Rubrics are not a new concept, and I’ve used them for a variety of projects.  Give students a rubric that outlines what information you are looking for in the essay.   Though, you may want to consider not giving too many details in the rubric which gives too many hints about what you want students to write.  They may inadvertently just rewrite the bullets in your rubric.   Example of a checklist for an article summary:

1.  Establishes context and big idea of the article or the goal of the article  ____
2.  Includes specific, relevant details from the text of from experience   ____
3.  Includes personal content, opinions or connections to self  ____

3.  Group Discussion 

Once the prompt has been given, allow students to work together to create a “gotta have it” chart.  If your prompt is about speciation, then students as a group can make a list of importance concepts that should be included in a discussion about the topic.   I should not that another theme of the NSTA conference was scientific discourse, and the value of having students talk about concepts and not just sit as passive listeners.  In a group, they can come up with things that probably should be included in an essay, but individually, they will have to put those ideas onto the paper and organize their own thoughts.   I usually have my groups organize topics with concept maps, like the one shown below.


4. Drawings

If your students really don’t know where to start, have them make a drawing.  It doesn’t have to be a fancy drawing.  This works great when you are asking students to explain scientific processes, like enzymes and substrates.   I also encourage my students to include drawings on their essays and free response assessments on their tests.   I also encourage them to annotate their drawings with words so that I know what they are trying to convey.  Those annotations usually make it into the written portion.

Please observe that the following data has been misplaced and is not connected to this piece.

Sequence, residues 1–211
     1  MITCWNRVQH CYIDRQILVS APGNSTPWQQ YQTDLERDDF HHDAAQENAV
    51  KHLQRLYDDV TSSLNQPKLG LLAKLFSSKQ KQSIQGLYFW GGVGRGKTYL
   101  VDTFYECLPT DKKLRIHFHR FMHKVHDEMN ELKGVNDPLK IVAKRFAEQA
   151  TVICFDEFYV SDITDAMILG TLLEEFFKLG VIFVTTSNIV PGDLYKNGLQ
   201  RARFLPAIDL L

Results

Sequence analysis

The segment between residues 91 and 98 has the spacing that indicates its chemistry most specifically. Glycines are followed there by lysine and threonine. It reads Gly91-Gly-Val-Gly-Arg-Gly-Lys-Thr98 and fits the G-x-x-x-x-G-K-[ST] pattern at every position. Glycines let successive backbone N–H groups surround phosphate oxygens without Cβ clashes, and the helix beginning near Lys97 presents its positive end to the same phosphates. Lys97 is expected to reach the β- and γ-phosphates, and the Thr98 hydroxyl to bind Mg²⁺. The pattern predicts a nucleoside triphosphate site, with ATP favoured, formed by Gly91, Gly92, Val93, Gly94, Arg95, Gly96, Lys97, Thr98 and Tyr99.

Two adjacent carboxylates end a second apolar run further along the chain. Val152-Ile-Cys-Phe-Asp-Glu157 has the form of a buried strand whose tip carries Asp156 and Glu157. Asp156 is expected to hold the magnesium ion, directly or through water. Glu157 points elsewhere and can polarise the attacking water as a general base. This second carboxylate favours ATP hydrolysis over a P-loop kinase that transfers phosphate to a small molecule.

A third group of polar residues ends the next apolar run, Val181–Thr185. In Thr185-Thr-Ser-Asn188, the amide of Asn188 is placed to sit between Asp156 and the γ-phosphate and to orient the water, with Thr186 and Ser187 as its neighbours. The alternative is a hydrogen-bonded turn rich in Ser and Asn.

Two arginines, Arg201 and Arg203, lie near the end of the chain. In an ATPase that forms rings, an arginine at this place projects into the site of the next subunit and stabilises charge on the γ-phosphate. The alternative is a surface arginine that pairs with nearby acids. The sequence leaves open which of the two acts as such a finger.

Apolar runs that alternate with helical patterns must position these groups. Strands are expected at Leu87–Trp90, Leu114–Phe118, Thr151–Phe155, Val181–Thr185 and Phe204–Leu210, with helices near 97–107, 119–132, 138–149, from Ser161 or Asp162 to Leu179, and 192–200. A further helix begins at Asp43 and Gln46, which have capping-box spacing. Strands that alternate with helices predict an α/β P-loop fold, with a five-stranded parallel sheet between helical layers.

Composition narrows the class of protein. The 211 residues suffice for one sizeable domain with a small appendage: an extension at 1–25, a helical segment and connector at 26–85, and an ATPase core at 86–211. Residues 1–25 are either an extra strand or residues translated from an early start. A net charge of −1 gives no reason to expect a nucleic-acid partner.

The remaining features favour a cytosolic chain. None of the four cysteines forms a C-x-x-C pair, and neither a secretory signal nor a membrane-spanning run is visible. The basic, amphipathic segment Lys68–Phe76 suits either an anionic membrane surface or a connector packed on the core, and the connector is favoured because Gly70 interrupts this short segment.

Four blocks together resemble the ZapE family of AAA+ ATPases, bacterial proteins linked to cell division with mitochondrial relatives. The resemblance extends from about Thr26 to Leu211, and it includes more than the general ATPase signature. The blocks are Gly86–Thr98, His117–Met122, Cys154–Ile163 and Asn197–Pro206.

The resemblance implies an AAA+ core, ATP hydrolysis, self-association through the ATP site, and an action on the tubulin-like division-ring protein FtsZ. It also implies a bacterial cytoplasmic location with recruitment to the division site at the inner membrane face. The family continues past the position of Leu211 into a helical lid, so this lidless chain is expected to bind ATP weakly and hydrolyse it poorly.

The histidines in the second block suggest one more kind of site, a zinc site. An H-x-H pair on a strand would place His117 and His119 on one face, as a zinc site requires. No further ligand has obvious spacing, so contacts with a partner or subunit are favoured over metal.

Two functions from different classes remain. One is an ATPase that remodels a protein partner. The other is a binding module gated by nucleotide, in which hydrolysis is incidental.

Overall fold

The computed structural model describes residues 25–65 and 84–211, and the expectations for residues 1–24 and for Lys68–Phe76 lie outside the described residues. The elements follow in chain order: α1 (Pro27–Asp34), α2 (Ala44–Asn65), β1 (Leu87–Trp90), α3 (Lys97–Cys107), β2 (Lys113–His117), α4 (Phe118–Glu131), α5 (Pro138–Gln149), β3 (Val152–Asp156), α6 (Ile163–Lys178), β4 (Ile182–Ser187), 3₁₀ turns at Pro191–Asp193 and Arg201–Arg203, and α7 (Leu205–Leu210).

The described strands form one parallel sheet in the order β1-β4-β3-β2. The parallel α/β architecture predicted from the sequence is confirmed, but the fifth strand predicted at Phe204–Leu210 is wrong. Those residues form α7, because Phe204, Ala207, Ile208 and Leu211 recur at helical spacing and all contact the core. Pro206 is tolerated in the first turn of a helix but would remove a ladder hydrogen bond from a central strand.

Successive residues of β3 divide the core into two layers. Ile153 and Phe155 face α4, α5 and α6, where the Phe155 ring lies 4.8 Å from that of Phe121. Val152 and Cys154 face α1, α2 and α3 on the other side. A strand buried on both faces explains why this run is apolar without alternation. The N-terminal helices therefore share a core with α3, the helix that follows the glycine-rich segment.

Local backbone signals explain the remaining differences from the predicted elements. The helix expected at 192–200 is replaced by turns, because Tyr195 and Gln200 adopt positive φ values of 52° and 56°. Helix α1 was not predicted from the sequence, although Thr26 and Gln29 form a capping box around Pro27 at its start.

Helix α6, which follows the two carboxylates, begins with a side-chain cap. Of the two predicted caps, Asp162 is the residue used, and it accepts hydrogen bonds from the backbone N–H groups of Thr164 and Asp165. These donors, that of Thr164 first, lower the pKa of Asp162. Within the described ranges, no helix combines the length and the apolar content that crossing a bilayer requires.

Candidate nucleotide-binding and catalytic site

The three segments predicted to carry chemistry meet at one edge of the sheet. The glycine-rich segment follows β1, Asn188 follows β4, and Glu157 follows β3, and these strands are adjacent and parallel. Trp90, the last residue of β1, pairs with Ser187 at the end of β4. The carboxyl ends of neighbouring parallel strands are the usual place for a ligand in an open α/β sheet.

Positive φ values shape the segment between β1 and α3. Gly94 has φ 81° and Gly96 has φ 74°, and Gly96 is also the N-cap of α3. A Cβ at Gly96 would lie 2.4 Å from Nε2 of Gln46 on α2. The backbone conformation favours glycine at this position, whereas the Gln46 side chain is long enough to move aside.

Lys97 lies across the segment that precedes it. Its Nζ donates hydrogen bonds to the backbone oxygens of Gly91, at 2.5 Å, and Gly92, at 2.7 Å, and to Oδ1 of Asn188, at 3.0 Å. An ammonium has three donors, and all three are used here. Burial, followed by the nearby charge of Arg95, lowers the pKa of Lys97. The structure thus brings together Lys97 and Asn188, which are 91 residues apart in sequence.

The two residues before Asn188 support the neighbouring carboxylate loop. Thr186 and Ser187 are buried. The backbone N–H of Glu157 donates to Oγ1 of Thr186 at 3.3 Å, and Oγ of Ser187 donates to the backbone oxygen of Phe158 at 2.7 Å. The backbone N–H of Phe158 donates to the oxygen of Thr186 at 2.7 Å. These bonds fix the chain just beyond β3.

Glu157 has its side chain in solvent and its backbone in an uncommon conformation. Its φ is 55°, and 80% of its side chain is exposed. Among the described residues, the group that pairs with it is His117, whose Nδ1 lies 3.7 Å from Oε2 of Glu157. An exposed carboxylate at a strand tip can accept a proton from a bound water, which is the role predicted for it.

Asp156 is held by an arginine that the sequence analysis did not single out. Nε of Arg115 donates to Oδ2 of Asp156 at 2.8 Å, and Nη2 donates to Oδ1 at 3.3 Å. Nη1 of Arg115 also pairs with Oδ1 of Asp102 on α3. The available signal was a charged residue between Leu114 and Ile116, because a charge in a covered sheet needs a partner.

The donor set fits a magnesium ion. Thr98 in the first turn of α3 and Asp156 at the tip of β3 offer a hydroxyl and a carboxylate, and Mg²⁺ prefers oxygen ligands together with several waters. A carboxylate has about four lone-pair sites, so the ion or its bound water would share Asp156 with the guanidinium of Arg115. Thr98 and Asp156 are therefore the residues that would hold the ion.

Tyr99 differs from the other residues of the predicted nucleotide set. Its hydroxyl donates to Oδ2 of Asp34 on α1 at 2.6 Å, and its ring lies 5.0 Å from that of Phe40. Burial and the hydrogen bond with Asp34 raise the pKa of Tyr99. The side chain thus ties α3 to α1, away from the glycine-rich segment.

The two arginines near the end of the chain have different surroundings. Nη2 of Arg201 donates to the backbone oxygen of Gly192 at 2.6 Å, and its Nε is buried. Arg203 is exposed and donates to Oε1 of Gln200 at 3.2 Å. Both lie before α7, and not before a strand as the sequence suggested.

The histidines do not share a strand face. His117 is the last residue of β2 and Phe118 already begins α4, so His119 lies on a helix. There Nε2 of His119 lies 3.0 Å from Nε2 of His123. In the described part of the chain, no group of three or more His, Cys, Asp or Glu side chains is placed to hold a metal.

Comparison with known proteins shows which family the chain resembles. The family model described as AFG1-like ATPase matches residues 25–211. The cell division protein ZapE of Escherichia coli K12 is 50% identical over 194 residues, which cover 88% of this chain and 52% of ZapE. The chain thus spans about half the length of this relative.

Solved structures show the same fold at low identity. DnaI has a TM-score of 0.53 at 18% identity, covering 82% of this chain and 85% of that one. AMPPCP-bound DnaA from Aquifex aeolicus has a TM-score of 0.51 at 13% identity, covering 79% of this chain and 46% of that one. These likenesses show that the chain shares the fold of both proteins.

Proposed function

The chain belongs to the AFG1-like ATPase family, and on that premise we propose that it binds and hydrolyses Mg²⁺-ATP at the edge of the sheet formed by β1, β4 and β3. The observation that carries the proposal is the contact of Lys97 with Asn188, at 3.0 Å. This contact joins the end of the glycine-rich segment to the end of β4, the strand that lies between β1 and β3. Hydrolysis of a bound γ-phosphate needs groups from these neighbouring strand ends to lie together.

5.  Graphic Organizer

A simple google search for graphic organizers will yield a ton of images that can help students organize an essay.  I don’t always use these, but I do keep one posted in my class.  The truth is, I don’t have my students write that many formal essays that require a strict  format.  Most of my writing assignments are informal summaries of labs, activities, or articles or exit tickets that relate to the lesson.    Most of my these assignments are intended to be 1-2 paragraphs and explanatory in nature.    I want to see what my students know about a topic and encourage more in depth understanding  through writing.

If you are just starting to incorporate writing into your lessons, don’t be afraid to stumble at first.    Writing used to be something that was just done in english class, but with Common Core and Next Generation Science standards, it’s increasingly apparent that writing something that should be done across the subjects and across curriculum.   The more writing they do, the better they will get at it.

Source:  Creating Opportunities for Students to Show What They Know: The Role of Scaffolding in Assessment Tasks